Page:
A Weighted Mean Shift, Normalized Cuts Initialized Color Gradient
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A Weighted Mean Shift, Normalized Cuts Initialized Color
Gradient Based Geodesic Active Contour Model:
Applications to Histopathology Image Segmentation
Jun Xua, Andrew Janowczyka,b, Sharat Chandranb, Anant Madabhushia
aDepartment of Biomedical Engineering, Rutgers University, USA;bDepartment of Computer Science and Engineering, Indian Institute of Technology (IIT)
Bombay, Mumbai, India
While geodesic active contours (GAC) have become very popular tools for image segmentation, they are sensitiveto model initialization. In order to get an accurate segmentation, the model typically needs to be initializedvery close to the true object boundary. Apart from accuracy, automated initialization of the objects of interestis an important pre-requisite to being able to run the active contour model on very large images (such as thosefound in digitized histopathology). A second limitation of GAC model is that the edge detector function is basedon gray scale gradients; color images typically being converted to gray scale prior to computing the gradient.For color images, however, the gray scale gradient results in broken edges and weak boundaries, since the otherchannels are not exploited for the gradient determination. In this paper we present a new geodesic active contourmodel that is driven by an accurate and rapid object initialization scheme-weighted mean shift normalized cuts(WNCut). WNCut draws its strength from the integration of two powerful segmentation strategiesmean shiftclustering and normalized cuts. WNCut involves first defining a color swatch (typically a few pixels) from theobject of interest. A multi-scale mean shift coupled normalized cuts algorithm then rapidly yields an initialaccurate detection of all objects in the scene corresponding to the colors in the swatch. This detection resultprovides the initial boundary for GAC model. The edge-detector function of the GAC model employs a localstructure tensor based color gradient, obtained by calculating the local min/max variations contributed from eachcolor channel (e.g. R,G,B or H,S,V). Our color gradient based edge-detector function results in more prominentboundaries compared to classical gray scale gradient based function. We evaluate segmentation results of ournew WNCut initialized color gradient based GAC (WNCut-CGAC) model against a popular region-based model(Chan & Vese) on a total of 60 digitized histopathology images. Across a total of 60 images, the WNCut-CGACmodel yielded an average overlap, sensitivity, specificity, and positive predictive value of 73%, 83%, 97%, 84%,compared to the Chan & Vese model which had corresponding values of 64%, 75%, 95%, 72%. The rapid andaccurate object initialization scheme (WNCut) and the color gradient make the WNCut-CGAC scheme, an idealsegmentation tool for very large, color imagery.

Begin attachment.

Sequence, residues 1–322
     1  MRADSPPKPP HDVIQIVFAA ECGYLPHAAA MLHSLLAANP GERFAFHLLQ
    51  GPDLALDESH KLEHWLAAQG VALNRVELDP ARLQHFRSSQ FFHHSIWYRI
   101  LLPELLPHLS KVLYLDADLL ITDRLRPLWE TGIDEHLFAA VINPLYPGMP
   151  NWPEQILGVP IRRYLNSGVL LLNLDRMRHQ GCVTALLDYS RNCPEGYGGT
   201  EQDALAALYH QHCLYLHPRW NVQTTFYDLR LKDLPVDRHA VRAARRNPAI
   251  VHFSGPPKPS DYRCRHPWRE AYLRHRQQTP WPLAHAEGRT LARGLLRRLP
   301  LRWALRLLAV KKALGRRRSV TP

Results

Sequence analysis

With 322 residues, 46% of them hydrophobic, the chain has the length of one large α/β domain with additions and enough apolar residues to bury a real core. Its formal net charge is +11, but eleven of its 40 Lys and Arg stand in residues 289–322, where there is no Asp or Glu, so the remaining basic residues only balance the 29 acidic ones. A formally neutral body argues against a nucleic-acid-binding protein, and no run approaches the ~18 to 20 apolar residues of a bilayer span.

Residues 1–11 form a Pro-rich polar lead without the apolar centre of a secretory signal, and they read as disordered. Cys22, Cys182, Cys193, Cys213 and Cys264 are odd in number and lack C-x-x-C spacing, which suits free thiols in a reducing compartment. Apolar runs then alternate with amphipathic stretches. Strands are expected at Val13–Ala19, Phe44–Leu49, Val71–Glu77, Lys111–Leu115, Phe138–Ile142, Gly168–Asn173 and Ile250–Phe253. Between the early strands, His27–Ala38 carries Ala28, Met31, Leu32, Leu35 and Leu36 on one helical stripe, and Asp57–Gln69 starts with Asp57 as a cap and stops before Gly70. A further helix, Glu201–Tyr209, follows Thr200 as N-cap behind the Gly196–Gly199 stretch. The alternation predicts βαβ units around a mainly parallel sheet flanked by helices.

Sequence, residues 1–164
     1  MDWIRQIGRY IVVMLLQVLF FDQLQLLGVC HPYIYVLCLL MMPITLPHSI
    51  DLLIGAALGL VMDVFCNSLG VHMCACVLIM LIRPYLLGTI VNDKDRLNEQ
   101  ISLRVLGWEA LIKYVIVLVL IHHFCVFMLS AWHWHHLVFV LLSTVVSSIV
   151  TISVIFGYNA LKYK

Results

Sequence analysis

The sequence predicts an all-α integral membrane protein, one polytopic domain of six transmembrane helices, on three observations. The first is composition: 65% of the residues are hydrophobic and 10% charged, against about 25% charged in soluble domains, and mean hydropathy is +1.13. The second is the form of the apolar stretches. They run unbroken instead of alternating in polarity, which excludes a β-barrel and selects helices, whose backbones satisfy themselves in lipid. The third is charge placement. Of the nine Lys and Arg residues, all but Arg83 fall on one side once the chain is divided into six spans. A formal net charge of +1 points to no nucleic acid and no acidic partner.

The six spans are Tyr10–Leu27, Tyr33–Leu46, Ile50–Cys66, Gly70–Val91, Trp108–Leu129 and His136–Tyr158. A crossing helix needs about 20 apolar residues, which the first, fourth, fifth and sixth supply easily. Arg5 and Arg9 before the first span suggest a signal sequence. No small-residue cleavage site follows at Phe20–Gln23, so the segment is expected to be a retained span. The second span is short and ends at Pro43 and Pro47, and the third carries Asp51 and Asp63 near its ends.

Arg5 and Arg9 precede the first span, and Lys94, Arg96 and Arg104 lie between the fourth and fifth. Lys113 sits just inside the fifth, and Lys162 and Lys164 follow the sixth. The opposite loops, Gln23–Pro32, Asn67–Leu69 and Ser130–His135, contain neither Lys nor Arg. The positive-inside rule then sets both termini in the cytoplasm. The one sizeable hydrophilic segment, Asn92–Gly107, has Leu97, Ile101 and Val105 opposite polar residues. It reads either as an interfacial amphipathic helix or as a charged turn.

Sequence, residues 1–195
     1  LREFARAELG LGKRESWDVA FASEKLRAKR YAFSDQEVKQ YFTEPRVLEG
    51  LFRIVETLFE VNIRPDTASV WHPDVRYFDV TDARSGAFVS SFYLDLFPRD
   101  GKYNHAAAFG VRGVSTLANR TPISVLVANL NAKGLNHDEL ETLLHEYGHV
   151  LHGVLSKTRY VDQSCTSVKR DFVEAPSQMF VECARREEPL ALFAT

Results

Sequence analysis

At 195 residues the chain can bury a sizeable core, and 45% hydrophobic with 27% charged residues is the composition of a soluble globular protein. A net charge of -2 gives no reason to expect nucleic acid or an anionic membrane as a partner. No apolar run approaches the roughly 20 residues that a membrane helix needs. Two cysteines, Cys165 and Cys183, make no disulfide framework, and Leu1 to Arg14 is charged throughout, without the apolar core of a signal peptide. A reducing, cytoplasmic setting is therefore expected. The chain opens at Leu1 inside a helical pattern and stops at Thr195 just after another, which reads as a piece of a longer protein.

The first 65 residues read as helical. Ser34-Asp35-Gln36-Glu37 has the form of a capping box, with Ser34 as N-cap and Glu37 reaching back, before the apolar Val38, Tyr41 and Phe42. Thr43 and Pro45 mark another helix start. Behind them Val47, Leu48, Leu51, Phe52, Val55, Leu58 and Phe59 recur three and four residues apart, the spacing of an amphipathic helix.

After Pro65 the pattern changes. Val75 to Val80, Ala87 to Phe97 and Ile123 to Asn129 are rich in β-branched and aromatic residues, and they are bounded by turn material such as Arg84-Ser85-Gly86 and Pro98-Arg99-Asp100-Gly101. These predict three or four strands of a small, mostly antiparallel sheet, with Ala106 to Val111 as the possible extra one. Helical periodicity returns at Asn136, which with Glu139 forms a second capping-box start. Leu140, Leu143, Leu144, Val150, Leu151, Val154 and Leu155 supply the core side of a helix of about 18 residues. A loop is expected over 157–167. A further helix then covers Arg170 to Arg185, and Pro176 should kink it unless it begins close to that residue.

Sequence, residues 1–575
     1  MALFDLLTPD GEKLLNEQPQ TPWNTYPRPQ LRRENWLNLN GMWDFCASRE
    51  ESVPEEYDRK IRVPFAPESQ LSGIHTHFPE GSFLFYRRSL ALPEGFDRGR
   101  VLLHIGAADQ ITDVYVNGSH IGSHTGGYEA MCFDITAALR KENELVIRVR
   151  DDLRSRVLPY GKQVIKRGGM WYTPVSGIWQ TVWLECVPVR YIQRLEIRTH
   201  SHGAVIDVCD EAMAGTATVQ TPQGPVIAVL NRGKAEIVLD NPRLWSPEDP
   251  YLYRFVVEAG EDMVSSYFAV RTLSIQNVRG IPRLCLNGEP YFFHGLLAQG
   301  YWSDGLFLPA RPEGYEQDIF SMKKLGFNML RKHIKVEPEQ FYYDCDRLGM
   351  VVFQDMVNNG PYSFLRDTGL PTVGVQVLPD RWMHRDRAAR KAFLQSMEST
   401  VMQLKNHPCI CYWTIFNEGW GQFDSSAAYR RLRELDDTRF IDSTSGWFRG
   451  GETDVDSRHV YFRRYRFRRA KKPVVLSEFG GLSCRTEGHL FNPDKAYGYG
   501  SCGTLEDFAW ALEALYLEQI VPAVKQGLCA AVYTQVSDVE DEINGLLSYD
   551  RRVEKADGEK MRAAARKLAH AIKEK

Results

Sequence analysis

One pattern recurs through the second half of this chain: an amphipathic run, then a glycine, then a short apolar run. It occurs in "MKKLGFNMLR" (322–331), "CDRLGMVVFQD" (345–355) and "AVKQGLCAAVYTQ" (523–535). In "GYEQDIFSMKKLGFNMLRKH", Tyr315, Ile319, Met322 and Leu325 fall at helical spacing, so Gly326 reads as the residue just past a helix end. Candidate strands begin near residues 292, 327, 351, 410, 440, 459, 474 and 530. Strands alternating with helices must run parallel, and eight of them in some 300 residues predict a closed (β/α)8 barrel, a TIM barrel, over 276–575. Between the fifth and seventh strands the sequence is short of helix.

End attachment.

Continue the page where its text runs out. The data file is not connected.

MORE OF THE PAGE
Active contour (AC) models have emerged as popular segmentation tools for separating the objects/structuresof interest from the background via continuously deformable curves.1 Most active contour methods deform inorder to delineate the boundaries of the desired objects in the image through minimizing an energy functional.These active contour models are able to accurately capture the shape of the object and hence enable extraction ofhigher-level shape and morphological features. In case of several diseases such as prostate24 and breast cancer,2
shape and morphological attributes constitute important cues, reflecting the aggressiveness of the disease.
With the recent advent and cost-effectiveness of whole-slide digital scanners, tissue histopathology slidescan now be digitized and stored in digital image form.2, 3 Digital pathology makes computerized quantitativeanalysis of histopathology imagery possible. In the context of prostate cancer, gland morphology is known to be
Further author information: (Send correspondence to Jun Xu or Anant Madabhushi)Jun Xu: E-mail: email@example.com (or firstname.lastname@example.org), Telephone: 732-445-4500 (ext.6261)Anant Madabhushi: E-mail: email@example.com, Telephone: 732-445-4500 (ext.6213)
Medical Imaging 2010: Image Processing, edited by Benoit M. Dawant, David R. Haynor, Proc. of SPIE Vol. 7623, 76230Y 2010 SPIE CCC code: 1605-7422/10/$18 doi: 10.1117/12.845602
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Frequencyweighted meanshift clustering
Weighted mean shift normalized cut (WNCut) initialization
Final boundary Co!or gradientbased GAC model
Color gradient based GAO model